Hair-raising cry of anthems fills Croker with pride and joy

 

The music swelled in Croke Park, and somehow, we swallowed the lump in our throat. We sang. Misty-eyed, we sang our hearts out, writes Miriam Lord.

The message, not the words, mattered: Here we are. All of us. Happy. Proud. This is Ireland. We are Ireland. Live with it.

Before this rugby game, there was too much talk of sell-outs and patriots spinning in their republican plots. The good humoured maturity of the Irish fans settled that question before an English boot touched the ball.

On this significant Saturday, with the Cross of St George flying alongside the Ulster flag and Irish Tricolour, England came to Croke Park to play a non-Gaelic game. There was tension in the air.

This journey to the crucible of the GAA had been a long one. Fourteen people shot dead by British forces during a match in 1920. The Hogan stand, named in memory of the young Tipperary footballer killed in that massacre. Hill 16, built on the rubble taken from O'Connell Street after the Easter Rising.

And now, here we were, minutes away from a rendition of God Save the Queen. Oh, passions were high alright. But only about the game.

Outside, the riot police, on standby, stood by. A few streets away, the pursed lip brigade of stubborn old men rehashed their desiccated rhetoric for the media. Then they lodged a protest letter with the GAA.

Back inside the stadium, back in step with time, the English sportsmen got a generous welcome. But when Brian O'Driscoll led out his Irish squad, the noise was deafening.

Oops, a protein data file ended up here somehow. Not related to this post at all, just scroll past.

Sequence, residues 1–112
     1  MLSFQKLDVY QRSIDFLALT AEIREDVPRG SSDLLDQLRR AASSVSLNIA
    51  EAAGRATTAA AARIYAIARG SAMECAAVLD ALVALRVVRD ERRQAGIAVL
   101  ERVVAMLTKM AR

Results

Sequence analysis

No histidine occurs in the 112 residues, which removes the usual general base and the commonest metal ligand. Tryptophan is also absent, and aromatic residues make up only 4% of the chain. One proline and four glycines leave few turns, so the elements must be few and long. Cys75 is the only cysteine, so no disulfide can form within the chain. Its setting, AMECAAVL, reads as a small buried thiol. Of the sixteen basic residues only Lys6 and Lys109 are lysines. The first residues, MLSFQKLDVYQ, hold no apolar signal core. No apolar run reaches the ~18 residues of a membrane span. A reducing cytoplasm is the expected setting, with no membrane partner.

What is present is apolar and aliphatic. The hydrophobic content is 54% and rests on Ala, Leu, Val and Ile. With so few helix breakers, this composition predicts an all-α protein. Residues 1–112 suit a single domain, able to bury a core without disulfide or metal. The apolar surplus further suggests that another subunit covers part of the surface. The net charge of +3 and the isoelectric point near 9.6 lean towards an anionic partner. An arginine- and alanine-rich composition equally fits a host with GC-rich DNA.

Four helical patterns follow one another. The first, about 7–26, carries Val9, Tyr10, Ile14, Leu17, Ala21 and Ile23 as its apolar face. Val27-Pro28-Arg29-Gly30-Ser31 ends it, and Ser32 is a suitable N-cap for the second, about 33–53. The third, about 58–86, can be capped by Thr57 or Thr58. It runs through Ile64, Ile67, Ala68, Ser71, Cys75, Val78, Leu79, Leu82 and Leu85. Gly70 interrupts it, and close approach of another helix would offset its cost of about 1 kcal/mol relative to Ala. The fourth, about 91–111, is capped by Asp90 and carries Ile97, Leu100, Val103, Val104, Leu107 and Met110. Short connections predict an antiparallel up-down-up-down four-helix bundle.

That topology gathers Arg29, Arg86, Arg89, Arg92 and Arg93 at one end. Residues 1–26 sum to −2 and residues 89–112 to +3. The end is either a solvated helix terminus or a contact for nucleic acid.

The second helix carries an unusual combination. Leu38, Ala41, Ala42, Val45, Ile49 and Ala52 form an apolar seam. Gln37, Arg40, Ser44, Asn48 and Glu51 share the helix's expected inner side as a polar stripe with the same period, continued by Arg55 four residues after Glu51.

The players lined up to meet President Mary McAleese. It seemed like an age before she returned to her seat, heightening the sense of anticipation before the national anthems.

The teams waited. The crowd hushed. Finally, but not before she was grabbed and kissed twice by Bertie Ahern, the President sat down. The Garda Band and the Army Number One Band struck up. The English were in good voice. They made themselves heard.

At last, our turn. The Irish may need two anthems, but those who wear the green share a singular passion. Amhrán na bhFiannand Ireland's Callwere belted out with such hair-raising intensity that men and women were crying as they sang. No dishonour in that. On the field, the players battled with their emotions too. Hooker Jerry Flannery, in floods. John Hayes, a scary looking prop forward with a shaven head and greased up cauliflower ears, blubbered.

How could England have touched these men, imbued with such an unshakeable sense of destiny on this historic day? They couldn't. In their play, O'Driscoll's men reflected the maturity, confidence, spirit and passion of the fans who cheered them. Marvellous. Ireland 43 - England 13. Cry God for Croker, Ireland and the oval ball!